Kai Doh Maru
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- Character Design Boards
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Top Customer Reviews
So, somewhat disapointed by a studio that was aiming at a great initial start with Blood, but failed to carry on their innovative edge.
The story is set in the late 9th Century in the Heian capital of Kyoto. Action revolves around Kintoki Sakata, the Kai Doh Maru. When an envious uncle wiped out her branch of the Sakata clan, Kintoki escaped and was finally rescued by Lord Raiko Minamoto who is the captain of the Four Knights of the defense ministry. Kintoki has always been a tomboy, and now she sets out to be a warrior, one of Raiko's right hand 'men.'
The overt theme is the political conflict already brewing between the Minamoto and the Taira. Doji Ibaragi is a mad swordsman who serves Kintoki's cousin, Hime Ohni. He uses Hime's own compulsive desire for Kintoki to manipulate events into a crisis. The true theme, amidst the whirl of fighting and betrayal, is Kintoki's fatal effects on the lives of those that love her.
This is all told with the terse minimalism that the Japanese often seem to relish. The ending is sudden, and difficult to grasp. I found it jarring in its sudden tragedy, and I expect that many watchers will feel that 'Kai Doh Maru' is much too short. The film cries out for more detail and character development.
Yet, as an art piece, this film is outstanding. Colors and graphic style have been chosen to recall Heian artistic forms. The images of the capital and characters will stay with you for some time. And the fight chorography is nothing short of remarkable.Read more ›
"Kai Doh Maru" is beautiful. That much is certain. Production IG is not afraid to take risks and push the boundaries of raw animation, playing with muting filters, color pallets, pencil techniques and various other technologies that create a unique look for their films. With "Kai Doh Maru," they have sought to capture the look of antique Japanese art, with an emphasis on browns and other neutral tones. The CG blending with Cel animation is somewhat less artfully done, and stands out in each scene. Still, it is nice to see Heian era Japan so fully dimensional.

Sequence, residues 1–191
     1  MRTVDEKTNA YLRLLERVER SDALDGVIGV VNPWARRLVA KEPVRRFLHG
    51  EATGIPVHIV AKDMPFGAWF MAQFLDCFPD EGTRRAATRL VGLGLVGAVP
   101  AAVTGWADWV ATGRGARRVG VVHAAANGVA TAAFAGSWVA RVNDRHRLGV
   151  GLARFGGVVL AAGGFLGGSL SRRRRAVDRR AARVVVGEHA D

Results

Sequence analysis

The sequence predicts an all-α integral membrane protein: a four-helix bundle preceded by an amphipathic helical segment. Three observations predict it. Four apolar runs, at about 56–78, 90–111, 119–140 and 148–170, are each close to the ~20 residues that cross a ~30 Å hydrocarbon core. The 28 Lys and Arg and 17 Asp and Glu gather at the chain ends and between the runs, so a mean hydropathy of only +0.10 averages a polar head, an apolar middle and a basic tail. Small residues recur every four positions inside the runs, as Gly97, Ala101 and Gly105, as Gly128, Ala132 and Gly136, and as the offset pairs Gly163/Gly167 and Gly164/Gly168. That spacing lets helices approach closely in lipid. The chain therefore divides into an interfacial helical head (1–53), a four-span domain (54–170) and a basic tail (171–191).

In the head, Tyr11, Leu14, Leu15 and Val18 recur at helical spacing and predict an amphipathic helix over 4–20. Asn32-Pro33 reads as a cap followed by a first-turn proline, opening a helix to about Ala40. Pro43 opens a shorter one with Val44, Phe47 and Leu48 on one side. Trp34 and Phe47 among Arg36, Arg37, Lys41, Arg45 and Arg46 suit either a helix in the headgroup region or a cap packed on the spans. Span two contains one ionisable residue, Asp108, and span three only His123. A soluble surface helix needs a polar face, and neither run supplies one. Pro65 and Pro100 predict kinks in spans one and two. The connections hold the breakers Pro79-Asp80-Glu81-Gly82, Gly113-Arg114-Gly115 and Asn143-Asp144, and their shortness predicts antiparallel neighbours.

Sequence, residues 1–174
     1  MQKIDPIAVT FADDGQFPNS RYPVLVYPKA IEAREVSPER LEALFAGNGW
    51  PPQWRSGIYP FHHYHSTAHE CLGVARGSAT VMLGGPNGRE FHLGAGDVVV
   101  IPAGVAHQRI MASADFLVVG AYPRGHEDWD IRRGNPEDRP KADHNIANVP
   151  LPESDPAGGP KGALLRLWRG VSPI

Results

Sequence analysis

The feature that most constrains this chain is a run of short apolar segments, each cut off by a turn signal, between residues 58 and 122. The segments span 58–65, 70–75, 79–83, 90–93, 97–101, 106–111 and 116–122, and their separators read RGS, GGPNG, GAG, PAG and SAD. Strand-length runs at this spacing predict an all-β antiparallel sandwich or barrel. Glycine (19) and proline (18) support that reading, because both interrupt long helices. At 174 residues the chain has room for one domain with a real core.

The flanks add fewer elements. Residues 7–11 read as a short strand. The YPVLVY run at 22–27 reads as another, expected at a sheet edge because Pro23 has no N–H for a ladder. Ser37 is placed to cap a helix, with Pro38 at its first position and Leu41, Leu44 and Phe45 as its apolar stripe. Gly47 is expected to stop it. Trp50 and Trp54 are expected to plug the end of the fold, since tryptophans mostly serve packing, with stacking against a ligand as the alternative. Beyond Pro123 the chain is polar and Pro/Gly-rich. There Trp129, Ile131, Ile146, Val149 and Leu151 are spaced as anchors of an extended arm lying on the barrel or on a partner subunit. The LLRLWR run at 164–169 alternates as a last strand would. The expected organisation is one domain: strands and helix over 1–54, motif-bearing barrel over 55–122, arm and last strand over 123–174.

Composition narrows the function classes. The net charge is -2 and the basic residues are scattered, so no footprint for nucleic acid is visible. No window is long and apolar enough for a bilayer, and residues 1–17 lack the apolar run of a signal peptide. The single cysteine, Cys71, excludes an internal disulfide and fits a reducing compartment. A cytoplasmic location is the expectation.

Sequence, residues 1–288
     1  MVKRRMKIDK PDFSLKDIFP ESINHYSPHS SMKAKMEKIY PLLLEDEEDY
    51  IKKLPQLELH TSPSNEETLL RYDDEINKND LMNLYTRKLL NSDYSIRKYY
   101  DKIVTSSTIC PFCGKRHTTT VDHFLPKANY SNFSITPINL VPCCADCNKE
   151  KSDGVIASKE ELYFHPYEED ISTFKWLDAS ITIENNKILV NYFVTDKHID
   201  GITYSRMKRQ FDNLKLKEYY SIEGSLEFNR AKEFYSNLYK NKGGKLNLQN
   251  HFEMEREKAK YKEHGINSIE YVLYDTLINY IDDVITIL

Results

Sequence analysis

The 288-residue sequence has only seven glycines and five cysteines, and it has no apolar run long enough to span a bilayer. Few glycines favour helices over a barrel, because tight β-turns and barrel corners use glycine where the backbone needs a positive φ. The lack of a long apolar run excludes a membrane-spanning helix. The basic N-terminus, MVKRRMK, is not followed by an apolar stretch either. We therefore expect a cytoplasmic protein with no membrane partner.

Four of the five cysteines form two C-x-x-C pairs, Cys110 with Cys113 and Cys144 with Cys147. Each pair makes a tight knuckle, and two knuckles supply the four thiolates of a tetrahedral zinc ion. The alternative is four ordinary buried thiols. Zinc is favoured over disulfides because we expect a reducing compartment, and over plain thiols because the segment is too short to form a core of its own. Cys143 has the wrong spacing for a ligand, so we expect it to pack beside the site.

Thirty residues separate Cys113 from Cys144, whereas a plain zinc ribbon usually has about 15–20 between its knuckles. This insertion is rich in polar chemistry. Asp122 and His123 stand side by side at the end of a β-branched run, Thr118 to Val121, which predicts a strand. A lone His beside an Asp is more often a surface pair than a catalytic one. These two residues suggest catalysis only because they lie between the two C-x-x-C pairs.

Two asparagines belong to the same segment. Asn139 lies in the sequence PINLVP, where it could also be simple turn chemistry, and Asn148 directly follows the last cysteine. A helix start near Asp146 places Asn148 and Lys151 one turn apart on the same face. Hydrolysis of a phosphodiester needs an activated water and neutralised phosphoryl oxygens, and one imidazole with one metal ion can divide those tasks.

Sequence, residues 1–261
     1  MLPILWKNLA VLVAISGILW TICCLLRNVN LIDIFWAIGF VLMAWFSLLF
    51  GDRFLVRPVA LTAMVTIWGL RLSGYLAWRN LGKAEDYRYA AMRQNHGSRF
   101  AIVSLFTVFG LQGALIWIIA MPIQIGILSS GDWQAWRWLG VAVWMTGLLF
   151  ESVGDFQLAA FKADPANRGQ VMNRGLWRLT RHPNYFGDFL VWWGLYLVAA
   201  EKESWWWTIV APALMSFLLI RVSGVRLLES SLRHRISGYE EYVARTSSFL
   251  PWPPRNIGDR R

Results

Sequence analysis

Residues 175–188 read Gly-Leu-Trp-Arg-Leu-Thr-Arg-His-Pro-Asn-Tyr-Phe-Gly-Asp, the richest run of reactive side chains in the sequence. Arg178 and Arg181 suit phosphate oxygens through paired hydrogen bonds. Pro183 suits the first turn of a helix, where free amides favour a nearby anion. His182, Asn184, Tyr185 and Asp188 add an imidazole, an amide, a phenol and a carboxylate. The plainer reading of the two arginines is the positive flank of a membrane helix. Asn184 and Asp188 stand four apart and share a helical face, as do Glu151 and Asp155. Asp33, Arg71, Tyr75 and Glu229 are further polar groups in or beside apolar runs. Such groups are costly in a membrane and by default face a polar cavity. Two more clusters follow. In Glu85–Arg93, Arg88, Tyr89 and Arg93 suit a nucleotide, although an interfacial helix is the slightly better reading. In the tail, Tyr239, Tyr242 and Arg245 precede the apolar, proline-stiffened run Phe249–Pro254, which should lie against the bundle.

The story, such as it is, is just a skeleton of plot to stitch together the visuals. As with "Blood: The Last Vampire," one has the distinct sense that the character designs came first, and then a plot was constructed to bring them together. A female warrior, Kintoki, is on the run from a power-mad Uncle. Rescued by Raiko of "The Four Knights," she begins to question her masculine nature. From there, incomprehensible villains appear and are defeated, and a strange semi-supernatural woman seeks Kintoki to be her lover. It is a confusing mess, and hardly able to be realized in the 45 minutes allotted to the film.Read more ›
Most Recent Customer Reviews
You either like it or hate it this kind of story and art style, but I don't have any problems with it because it is only a distorted historical story. Read morePublished 1 month ago by Stacy
Definetely a movie I enjoyed. very well done. Very underrated. Beautiful art, animation, story, voice acting, etc. what else could you want?Published on April 4, 2014 by K.A.
This film is fantastic. The first time I watched it, at the end I said to myself, "that was stupid". Read morePublished on December 25, 2012 by bloodiaper
Kai Doh Maru / B00009MEJX
"Kai Doh Maru" is probably unique in that not only do you need to review the back of the box before the movie in order to understand what's... Read more
Whenever I come away from animé or any foreign film scratching my head, I am always suspicious if my perplexity is due to cultural barriers. Read morePublished on May 6, 2009 by Sniff Code
Forget K. Jones A.V.O. that person is a sissy punk! The animation is very good, though a bit pale in places. Read morePublished on March 19, 2006 by Ronnie Clay
Basically whoever watches this movie most likely won't be able to take the first 10 minutes. The movie is boring and it takes forever to find out what's going on. Read morePublished on December 31, 2005 by Keith A. Jones
Do me a favor. Visualize those two spoon-fulls of baked beans sitting next to the porkchops and mashed potatos on your dinner plate. Read morePublished on October 10, 2005 by Antonio D. Paolucci